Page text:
Detroit’s new Meijer

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Meijer has dipped half of a pinky toe into the city. This is big news. Old news, yes, but I finally got to see it for myself.

I’m not normally a fan of big-box stores, but I do love Meijer. Maybe it’s just from growing up with it (I’m old enough to remember it as “Meijer Thrifty Acres“)—although I also grew up with K-Mart (a Detroit original, based in Troy) and could take it or leave it. Meijer did have its full one-stop shopping long before Wal-Mart and Kmart ever introduced grocery departments.

Meijer is a Michigan-based store, headquartered in Western Michigan just outside of Grand Rapids. They claim to be the original “one-stop shopping,” and many stores host smaller shops (independently run), or “services” inside, from banks to shoe repair to barber shops to dentistry. Most, if not all, of their stores are in rural or suburban locations. The Detroit store breaks that pattern, but, more importantly, it could be a show of faith in the city: that a Michigan-based company like Meijer is willing to open in Detroit is, to my mind, as big a deal as Whole Foods opening in Midtown.

I say Meijer dipped half a pinky toe into Detroit, though, because the new store is located on 8 Mile—on the Detroit side—at Woodward, and it faces 8 Mile, thus facing the northern suburbs. So it’s just barely in Detroit, and it seemingly can’t bear to look.

To be fair, though, it is the anchor for a strip mall (also not the norm for Meijer).

The layout is completely different from the old Meijer stores I grew up with, or even the slightly newer or remodeled stores. Happily, they offer pamphlet store directories when you enter:

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(Temporary note: I’ll add a picture of the inside of that pamphlet later.)

The look of the store is somewhat stark and cold, if clean—mostly white, letting the products be the color. (This is reminiscent of Farmer Jack’s “Future Store” built in Canton in 1988-89. I guess they were right about the future.) We were only there for a brief time, with a few items to pick up, so I don’t know how it would feel to shop for a long time surrounded by so much white paint (my least favorite color).

I wanted some Michigan cherry wine and some Faygo. In the wine section, there was a spot dedicated to Michigan wines of all varieties:

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Since I currently live in the San Francisco Bay Area, which is near Napa Valley, I thought the wine section overall was a bit small, but it was bigger than your average grocery store, even in California. Pictured here is just the Michigan wines. (And the bottles missing on the bottom shelf are the ones I purchased.)

I couldn’t fit all the Faygo in one photo, so here’s a side shot of the Faygo section:

FaygoI picked up some diet Rock ‘n’ Rye, Red Pop, and Creme Soda, 20-oz. bottles 2/$1.

One difference from most Meijer stores is that this location is only open from 6am-11pm, whereas most are 24 hours. This location offers a gas station, a pharmacy (with a drive-through pick-up window), a bakery, and deli, along with all the usual departments. In addition to the store’s own services, Huntington National Bank has a branch inside the store. Meijer’s one-stop shopping means you can buy motor oil, a bed pillow, fresh produce, and a digital camera all in one place—or whatever other odd combination of stuff you might need. And speaking of produce, Meijer usually has some of the best produce compared with local grocery stores. Meijer also normally has a great selection of products, especially in grocery, including locally made products, ethnic foods, vegetarian/vegan selections, and more. The store brand (meijer) is almost always of excellent quality. (We also picked up some store-brand Mackinac Island Fudge ice cream—theirs is, in my opinion, the best brand of that flavor.) The prices are quite good, as well.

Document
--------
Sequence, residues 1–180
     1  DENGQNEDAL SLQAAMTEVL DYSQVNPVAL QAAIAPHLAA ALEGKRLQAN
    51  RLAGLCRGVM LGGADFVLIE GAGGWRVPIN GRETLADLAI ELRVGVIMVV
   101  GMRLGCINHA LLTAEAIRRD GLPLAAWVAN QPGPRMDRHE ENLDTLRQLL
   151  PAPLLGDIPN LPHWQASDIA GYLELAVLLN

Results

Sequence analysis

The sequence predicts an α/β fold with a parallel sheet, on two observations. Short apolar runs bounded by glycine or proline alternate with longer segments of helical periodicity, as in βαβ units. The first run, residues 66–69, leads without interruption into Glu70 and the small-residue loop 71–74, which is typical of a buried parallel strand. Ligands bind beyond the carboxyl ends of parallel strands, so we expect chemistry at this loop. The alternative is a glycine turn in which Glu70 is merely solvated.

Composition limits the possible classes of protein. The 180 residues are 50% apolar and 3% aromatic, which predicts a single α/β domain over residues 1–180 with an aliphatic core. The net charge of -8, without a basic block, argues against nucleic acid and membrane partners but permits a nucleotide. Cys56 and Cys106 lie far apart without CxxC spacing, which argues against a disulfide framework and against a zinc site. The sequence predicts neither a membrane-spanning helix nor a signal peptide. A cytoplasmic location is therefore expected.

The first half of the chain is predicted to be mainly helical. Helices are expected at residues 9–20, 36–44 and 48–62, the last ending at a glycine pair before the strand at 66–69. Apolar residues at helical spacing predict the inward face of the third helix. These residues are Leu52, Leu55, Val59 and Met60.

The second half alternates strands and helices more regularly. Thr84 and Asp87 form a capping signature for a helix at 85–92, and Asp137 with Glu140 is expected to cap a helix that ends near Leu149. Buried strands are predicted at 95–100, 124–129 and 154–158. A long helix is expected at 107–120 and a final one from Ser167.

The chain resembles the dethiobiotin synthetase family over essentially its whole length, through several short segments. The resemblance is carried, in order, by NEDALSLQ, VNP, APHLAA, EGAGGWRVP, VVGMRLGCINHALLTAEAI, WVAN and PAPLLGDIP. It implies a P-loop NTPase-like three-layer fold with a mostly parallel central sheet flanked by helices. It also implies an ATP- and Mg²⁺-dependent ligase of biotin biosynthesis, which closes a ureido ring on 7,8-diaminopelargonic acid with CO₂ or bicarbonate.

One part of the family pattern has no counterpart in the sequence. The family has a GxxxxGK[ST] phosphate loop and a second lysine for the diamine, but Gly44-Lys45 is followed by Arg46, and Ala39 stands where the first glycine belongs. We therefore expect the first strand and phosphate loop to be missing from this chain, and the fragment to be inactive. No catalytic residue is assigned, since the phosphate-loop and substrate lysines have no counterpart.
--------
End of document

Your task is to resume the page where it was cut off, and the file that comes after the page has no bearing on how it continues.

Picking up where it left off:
Even though I sing the praises of this chain (and, living in California, actually dream about it from time to time), I hated working there back in the early 90s while I was in college. It wasn’t as bad as some places, and in fact can offer excellent advancement opportunities within the company, but there were definite issues you would expect to find for workers in a big-box store. We were unionized, though, which helped.

It will be interesting to see how things go with this new Detroit location. Will the store maintain its clean appearance? Will it expand or contract its hours? Will its customer base be from the city, or from Ferndale and other nearby northern suburbs? (There is a Royal Oak store which will probably continue to draw most of those northern suburbanites.)

I hope things go well for the store, and for all the stores in this (choke, gasp) strip mall. As much as I hate strip malls, it’s good to see businesses investing in Detroit, and they provide much-needed jobs as well as options for shoppers in the city.

Checkouts at Detroit MeijerThis photo, taken from just inside the main entrance, shows an overview of the 30 checkout aisles (including self-checkout).

I’d be remiss if I didn’t also mention that the store’s employees were unusually friendly; even when just passing us in an aisle, they’d greet us, ask how we were doing, and wish us a good night.

So far, it seems to be a very pleasant place to shop.

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One thought on “Detroit’s new Meijer

  1. The Royal Oak Meijer is the very best store in terms of volume, revenue, and environment. I hope the new store can fill the gaps for Detroit shoppers and lead other stores to move in.

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